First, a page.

Winner, Governor General's Literary Award
Finalist, Lambda Literary Award and Ferro-Grumley Award for LGBT Fiction
"Raziel Reid is a really extraordinary guy. He's got a great thing going."—Anne Rice
School is just like a film set: there's The Crew, who make things happen, The Extras who fill the empty desks, and The Movie Stars, whom everyone wants tagged in their Facebook photos. But Jude doesn't fit in. He's not part of The Crew because he isn't about to do anything unless it's court-appointed; he's not an Extra because nothing about him is anonymous; and he's not a Movie Star because even though everyone know his name like an A-lister, he isn't invited to the cool parties. As the director calls action, Jude is the flamer that lights the set on fire.
Before everything turns to ashes from the resulting inferno, Jude drags his best friend Angela off the casting couch and into enough melodrama to incite the paparazzi, all while trying to fend off the haters and win the heart of his favourite co-star Luke Morris. It's a total train wreck!
But train wrecks always make the front page.
Raziel Reid is a graduate of the New York Film Academy. He currently lives in Vancouver.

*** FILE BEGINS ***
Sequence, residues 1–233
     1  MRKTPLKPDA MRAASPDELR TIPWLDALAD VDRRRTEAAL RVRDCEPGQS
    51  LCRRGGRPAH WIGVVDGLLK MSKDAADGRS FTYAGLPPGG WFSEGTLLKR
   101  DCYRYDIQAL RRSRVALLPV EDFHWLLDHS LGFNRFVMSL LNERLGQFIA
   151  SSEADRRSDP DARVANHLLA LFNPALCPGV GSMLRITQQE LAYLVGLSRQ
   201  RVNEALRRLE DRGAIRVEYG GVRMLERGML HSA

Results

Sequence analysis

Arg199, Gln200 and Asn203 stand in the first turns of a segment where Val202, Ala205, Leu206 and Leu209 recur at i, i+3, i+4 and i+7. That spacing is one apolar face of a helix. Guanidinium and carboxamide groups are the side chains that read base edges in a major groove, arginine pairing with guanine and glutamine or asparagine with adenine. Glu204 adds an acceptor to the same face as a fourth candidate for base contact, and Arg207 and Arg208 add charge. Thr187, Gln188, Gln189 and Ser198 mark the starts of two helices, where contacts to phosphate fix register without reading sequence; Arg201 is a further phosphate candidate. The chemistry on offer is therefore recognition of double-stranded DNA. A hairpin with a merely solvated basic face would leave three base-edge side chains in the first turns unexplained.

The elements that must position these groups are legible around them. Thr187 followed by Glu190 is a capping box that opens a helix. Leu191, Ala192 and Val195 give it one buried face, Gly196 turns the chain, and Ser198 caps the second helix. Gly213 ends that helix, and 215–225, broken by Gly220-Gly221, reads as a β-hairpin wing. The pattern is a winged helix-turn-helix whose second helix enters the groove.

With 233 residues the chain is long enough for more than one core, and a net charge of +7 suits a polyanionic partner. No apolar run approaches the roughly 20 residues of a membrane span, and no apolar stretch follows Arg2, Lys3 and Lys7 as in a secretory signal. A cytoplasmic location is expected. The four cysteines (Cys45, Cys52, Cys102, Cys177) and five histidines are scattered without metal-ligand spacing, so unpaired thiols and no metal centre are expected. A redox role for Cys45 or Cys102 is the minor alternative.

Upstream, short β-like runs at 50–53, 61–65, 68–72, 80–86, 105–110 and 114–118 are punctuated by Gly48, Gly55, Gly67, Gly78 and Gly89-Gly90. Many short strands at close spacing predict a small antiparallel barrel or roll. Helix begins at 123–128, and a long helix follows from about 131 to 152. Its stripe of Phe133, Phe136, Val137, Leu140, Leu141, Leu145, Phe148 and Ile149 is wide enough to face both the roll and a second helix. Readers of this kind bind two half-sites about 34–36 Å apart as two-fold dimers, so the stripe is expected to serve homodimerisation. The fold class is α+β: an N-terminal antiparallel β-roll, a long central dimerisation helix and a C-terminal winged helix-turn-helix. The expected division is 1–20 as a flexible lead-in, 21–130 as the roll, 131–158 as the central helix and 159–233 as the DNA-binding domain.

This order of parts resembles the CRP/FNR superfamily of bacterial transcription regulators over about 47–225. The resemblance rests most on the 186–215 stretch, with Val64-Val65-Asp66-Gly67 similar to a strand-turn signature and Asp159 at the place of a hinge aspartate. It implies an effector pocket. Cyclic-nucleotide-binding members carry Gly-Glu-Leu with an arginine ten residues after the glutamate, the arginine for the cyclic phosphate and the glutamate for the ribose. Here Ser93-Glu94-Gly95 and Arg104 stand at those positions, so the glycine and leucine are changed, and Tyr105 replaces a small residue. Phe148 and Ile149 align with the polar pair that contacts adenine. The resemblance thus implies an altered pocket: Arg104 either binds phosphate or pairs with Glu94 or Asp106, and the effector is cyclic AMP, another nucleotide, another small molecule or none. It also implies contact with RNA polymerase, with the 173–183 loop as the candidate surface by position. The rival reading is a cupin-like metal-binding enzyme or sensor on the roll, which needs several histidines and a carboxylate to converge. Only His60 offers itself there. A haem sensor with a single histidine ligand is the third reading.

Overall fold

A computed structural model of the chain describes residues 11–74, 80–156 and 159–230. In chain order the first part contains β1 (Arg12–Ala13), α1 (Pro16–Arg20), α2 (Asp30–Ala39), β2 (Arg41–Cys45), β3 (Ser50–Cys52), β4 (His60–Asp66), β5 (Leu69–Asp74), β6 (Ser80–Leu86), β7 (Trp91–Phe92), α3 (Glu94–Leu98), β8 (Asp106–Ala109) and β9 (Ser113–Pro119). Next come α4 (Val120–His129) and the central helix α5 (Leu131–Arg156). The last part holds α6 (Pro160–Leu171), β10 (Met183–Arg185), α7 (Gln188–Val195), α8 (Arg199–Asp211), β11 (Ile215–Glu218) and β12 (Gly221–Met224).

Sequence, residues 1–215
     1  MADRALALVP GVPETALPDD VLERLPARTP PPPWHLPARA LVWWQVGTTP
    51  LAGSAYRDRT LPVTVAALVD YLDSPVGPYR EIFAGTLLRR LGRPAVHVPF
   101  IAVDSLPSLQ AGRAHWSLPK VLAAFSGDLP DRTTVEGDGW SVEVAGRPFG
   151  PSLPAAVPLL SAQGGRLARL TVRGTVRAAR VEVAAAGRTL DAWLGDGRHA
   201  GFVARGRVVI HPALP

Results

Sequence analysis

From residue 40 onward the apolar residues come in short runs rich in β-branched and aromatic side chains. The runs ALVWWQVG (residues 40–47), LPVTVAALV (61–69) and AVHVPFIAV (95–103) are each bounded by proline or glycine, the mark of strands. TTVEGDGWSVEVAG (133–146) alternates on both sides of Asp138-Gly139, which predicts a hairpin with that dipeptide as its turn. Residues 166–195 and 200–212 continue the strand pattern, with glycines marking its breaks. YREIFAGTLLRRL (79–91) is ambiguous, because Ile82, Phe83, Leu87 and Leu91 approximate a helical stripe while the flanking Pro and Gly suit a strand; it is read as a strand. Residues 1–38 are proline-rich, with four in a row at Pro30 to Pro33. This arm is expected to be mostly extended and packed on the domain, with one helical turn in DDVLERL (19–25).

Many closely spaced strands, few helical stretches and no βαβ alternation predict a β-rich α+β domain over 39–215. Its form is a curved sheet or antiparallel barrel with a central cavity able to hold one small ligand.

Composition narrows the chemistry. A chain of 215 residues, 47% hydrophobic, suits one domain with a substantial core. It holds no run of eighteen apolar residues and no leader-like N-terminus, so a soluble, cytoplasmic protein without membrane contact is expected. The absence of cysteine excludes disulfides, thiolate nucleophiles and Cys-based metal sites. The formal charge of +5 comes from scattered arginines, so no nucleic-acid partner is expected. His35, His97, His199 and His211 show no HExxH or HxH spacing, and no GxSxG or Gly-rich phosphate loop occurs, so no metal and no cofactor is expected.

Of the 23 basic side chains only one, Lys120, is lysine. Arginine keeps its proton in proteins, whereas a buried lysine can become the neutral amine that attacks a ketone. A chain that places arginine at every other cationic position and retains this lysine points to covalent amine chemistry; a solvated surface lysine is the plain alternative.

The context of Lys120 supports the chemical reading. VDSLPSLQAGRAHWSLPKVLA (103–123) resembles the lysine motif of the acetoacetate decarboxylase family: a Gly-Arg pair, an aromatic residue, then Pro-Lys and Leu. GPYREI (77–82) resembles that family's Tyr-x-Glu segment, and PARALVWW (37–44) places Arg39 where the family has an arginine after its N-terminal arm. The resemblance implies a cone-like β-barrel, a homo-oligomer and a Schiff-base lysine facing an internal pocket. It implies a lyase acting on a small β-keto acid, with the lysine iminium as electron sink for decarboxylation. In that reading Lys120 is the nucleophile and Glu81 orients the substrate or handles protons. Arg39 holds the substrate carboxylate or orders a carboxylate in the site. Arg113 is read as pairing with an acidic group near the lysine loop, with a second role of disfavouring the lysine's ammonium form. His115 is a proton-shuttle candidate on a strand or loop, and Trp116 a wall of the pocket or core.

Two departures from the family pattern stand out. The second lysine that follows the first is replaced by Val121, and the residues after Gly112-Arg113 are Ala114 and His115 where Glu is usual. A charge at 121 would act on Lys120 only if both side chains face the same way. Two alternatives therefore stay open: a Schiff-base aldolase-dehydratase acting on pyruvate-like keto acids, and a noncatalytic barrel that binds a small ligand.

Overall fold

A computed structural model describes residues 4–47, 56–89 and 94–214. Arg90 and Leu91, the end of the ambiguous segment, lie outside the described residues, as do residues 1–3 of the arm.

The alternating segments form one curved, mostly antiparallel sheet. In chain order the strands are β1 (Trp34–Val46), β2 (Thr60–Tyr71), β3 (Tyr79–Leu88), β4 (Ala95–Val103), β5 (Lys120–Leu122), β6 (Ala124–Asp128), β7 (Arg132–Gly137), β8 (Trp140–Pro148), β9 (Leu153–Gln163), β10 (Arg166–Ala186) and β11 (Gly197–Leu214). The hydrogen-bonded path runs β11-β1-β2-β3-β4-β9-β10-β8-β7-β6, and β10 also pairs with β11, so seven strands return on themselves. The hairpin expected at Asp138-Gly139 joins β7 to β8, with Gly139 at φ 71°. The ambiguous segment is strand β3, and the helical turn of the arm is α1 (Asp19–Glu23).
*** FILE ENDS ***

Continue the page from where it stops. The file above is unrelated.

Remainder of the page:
Reid's debut, the 2014 winner of the Governor's General Literary Award for Children's Literature, is a no-holds-barred view of teenage sexuality and bullying. Jude Rothesay is a gay teen with a penchant for wearing his stripper mother's outfits and makeup. Facing constant aggression from classmates, online posts, and his mother's boyfriend, Jude views life through the lens of film, seeing his detractors as jealous fans and his bleak small town in Hollywood Technicolor. Jude's friend Angela, on a sexually destructive bent, shares his desire for escape; alone and together, they skip school, drink, pop stolen pills, and cut themselves. When Jude decides to leave town for good, friends turn away from him, a teacher gets too close, and Jude confronts his long-held crush, culminating in tragedy. Reid's graphic sex scenes can be jarring, and when coupled with Jude's bitingly sarcastic voice ("I write a killer suicide letter"), weaken moments of emotional depth. But Reid's incisive rendering of the multiple torments outspoken gay teens endure shines through, and Jude's story will stay with readers. Ages 12 up.